Higher 'spirituality' linked to better quality of life for stroke survivors, caregivers

By American Heart Association News

kali9/E+, Getty Images
(kali9/E+, Getty Images)

Having a higher level of spirituality helps lessen depression in stroke survivors and their caregivers and boosts their quality of life, according to new research.

The study included data from 223 caregiver-stroke survivor pairs in Italy who completed questionnaires measuring spirituality, depression and quality of life between 2016 and 2018.

Survivors who scored above average on the spirituality questionnaire reported higher psychological quality of life even when their caregivers reported symptoms of depression. Caregivers with above-average spirituality scores reported better physical and psychological quality of life.

The research was published Tuesday in the American Heart Association's journal Circulation: Cardiovascular Quality and Outcomes.

"Our study emphasizes the importance of viewing stroke survivors holistically, as a patient with symptoms and disabilities, and as an individual with emotional needs and part of an interdependent unit with their care partner," lead study author Gianluca Pucciarelli said in a news release. He is a research fellow at the University of Rome.

The World Health Organization defines spirituality as a person's perception of their life within the context of the culture and the society's value systems, and in relation to their goals, expectations, standards and concerns. Quality of life – its physical, psychological, social and environmental aspects – was measured using the WHO's 26-question survey.

Those who scored one standard deviation above average were considered to have "higher spirituality." Stroke survivors who scored below average on the spirituality questionnaire had lower quality of life overall, as did their caregivers with depression symptoms.

"In summary, when care partners feel depressed, something that is common for stroke caregivers, the survivor's spirituality made the difference in whether this was associated with better or worse quality of life. This demonstrates the important protective role of spirituality in illness, and why we must study it more," Pucciarelli said.

It's also why, he said, there should be greater awareness about the importance of spirituality among health professionals.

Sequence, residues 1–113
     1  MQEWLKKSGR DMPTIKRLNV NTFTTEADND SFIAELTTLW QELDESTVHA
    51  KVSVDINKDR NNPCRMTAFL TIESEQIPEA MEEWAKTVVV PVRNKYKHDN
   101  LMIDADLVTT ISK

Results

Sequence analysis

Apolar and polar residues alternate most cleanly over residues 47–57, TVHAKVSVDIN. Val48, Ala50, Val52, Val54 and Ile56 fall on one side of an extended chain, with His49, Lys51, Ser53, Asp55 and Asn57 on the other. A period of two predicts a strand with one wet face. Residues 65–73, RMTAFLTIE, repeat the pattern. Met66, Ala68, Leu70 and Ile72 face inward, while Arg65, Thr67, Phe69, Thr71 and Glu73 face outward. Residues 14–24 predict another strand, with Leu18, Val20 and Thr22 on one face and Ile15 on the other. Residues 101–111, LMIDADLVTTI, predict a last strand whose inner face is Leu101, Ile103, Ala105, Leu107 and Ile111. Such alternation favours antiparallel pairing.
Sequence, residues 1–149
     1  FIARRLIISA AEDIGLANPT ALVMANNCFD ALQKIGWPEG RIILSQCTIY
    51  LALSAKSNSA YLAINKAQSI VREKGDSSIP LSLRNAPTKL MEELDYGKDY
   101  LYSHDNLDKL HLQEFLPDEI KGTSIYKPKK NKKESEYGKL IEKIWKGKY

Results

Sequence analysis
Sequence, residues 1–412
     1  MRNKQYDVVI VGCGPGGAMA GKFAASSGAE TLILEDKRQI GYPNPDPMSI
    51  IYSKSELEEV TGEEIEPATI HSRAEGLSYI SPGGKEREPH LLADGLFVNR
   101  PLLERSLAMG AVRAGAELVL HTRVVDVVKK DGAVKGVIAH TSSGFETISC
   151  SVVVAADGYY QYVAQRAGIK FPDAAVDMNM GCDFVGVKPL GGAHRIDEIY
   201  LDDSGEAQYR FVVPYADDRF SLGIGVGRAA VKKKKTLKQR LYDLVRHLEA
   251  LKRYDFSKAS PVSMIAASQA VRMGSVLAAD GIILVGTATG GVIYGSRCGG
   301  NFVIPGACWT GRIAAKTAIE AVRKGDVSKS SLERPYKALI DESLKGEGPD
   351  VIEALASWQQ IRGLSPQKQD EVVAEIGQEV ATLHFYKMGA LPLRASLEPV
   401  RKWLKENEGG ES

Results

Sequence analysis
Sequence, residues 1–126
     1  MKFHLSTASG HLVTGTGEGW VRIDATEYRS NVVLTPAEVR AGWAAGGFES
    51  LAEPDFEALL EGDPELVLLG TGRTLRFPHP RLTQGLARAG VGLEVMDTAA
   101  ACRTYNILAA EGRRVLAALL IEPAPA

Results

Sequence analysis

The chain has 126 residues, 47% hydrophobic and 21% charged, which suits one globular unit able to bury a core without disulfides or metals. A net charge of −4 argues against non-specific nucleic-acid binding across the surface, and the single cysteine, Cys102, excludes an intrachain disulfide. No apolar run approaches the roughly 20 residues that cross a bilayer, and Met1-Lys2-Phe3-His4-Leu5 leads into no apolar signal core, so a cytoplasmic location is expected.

The predominant religion in Italy is Roman Catholicism, which could have affected the results. Also, the study included only stroke survivors with low-to-medium disabilities and no other major health issues, so the study's findings may not apply to survivors with more severe disabilities or other underlying illnesses.

If you have questions or comments about this story, please email [email protected].

American Heart Association News Stories

American Heart Association News covers heart disease, stroke and related health issues. Not all views expressed in American Heart Association News stories reflect the official position of the American Heart Association. Statements, conclusions, accuracy and reliability of studies published in American Heart Association scientific journals or presented at American Heart Association scientific meetings are solely those of the study authors and do not necessarily reflect the American Heart Association’s official guidance, policies or positions.

Copyright is owned or held by the American Heart Association, Inc., and all rights are reserved. Permission is granted, at no cost and without need for further request, for individuals, media outlets, and non-commercial education and awareness efforts to link to, quote, excerpt from or reprint these stories in any medium as long as no text is altered and proper attribution is made to American Heart Association News.

Other uses, including educational products or services sold for profit, must comply with the American Heart Association’s Copyright Permission Guidelines. See full terms of use. These stories may not be used to promote or endorse a commercial product or service.

HEALTH CARE DISCLAIMER: This site and its services do not constitute the practice of medical advice, diagnosis or treatment. Always talk to your health care provider for diagnosis and treatment, including your specific medical needs. If you have or suspect that you have a medical problem or condition, please contact a qualified health care professional immediately. If you are in the United States and experiencing a medical emergency, call 911 or call for emergency medical help immediately.